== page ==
It's no secret that many prescription drugs are cheaper in Mexico than in the US—stories about "medical tourism" have been around for years, like this one in Pacific Standard. Now, however, a large health insurer in Utah has employed a novel approach to take advantage of the price discrepancy: PHEP is offering members a cash incentive to go to Mexico and buy the cheaper drugs, reports the Salt Lake Tribune. The insurer covers about 160,000 public employees and their families, and those who need certain drugs to treat cancer, MS, and autoimmune disorders can get free transportation plus a cash payout of $500 if they make the trip.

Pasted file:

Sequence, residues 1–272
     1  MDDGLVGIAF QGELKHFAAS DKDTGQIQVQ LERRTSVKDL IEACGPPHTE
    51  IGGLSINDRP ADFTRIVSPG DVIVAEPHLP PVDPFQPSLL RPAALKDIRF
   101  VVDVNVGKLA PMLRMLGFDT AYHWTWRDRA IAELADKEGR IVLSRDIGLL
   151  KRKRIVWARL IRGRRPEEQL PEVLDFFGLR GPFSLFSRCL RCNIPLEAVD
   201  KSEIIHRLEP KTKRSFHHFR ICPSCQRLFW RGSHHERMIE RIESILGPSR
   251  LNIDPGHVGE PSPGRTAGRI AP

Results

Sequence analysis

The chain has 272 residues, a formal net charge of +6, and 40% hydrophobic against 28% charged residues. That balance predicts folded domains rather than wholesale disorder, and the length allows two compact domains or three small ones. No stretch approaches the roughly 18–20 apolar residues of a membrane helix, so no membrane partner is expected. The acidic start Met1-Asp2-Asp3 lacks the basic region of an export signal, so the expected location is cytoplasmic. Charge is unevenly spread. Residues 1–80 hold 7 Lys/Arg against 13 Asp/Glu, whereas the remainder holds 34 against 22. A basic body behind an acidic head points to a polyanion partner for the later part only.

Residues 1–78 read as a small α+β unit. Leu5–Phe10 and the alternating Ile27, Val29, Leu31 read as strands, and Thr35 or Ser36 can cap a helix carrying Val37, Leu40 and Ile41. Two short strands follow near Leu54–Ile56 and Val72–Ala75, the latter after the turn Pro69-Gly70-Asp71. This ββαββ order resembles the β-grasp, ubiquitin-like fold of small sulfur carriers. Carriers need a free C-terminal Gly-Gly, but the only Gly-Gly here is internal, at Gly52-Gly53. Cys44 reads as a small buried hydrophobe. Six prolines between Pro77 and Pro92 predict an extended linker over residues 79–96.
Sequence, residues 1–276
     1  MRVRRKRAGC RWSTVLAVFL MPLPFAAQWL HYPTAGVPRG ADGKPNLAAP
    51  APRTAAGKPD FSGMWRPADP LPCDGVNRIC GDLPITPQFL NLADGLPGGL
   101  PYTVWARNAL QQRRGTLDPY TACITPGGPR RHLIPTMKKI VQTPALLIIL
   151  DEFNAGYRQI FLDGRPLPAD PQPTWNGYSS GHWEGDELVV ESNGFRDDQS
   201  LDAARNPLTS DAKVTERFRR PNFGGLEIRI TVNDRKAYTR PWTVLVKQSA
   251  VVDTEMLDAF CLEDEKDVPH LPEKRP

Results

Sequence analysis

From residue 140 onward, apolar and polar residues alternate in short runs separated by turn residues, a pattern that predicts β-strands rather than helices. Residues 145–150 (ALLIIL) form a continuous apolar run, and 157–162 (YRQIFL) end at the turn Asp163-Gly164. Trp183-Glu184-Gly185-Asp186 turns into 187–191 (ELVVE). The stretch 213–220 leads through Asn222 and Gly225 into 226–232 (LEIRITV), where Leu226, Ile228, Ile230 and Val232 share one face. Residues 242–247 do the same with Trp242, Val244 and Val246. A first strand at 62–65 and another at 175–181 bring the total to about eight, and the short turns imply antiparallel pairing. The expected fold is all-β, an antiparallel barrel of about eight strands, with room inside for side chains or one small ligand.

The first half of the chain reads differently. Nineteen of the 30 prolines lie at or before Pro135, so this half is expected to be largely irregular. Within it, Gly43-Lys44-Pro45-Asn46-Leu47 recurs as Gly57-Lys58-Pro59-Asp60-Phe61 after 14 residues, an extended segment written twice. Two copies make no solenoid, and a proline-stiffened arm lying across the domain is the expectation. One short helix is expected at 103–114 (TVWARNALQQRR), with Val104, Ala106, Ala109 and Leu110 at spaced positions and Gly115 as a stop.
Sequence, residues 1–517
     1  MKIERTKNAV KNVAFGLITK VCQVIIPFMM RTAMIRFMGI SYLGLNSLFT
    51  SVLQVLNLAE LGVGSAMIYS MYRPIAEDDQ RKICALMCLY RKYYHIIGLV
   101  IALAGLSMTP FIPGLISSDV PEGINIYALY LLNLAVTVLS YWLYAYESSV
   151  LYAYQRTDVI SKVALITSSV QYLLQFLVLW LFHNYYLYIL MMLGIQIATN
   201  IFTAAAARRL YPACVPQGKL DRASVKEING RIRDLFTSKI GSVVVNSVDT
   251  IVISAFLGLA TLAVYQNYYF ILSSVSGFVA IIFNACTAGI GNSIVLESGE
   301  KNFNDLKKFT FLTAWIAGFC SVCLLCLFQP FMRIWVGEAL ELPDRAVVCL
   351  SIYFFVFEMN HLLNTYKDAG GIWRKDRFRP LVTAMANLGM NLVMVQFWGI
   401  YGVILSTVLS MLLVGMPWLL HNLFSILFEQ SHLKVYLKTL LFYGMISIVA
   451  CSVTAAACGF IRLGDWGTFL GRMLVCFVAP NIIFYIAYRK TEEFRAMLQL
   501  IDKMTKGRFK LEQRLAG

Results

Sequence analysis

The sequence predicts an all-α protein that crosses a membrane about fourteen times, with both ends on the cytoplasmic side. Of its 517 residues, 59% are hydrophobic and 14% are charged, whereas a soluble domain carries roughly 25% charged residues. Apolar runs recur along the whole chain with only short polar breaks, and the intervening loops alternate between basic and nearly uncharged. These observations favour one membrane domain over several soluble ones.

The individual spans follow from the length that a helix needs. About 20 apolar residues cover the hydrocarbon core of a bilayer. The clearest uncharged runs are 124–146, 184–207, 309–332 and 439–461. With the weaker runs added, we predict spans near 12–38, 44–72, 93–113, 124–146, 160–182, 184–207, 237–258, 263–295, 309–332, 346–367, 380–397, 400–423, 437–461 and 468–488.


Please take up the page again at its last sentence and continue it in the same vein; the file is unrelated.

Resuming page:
The story uses the example of the MS drug Avonex, which costs $6,700 for a 28-day supply in the US, but only $2,200 in Mexico. Even with the Mexico travel expenses figured in, it's a big cost saving. "Why wouldn’t we pay ... to go to San Diego, drive across to Mexico, and save the system tens of thousands of dollars?" says state Rep. Norman Thurston, sponsor of legislation calling for such incentives. "If it can be done safely, we should be all over that." Avonex is one of about a dozen drugs covered under the policy. (Amazon is apparently hoping to become another alternative for those seeking cheaper drug prices.)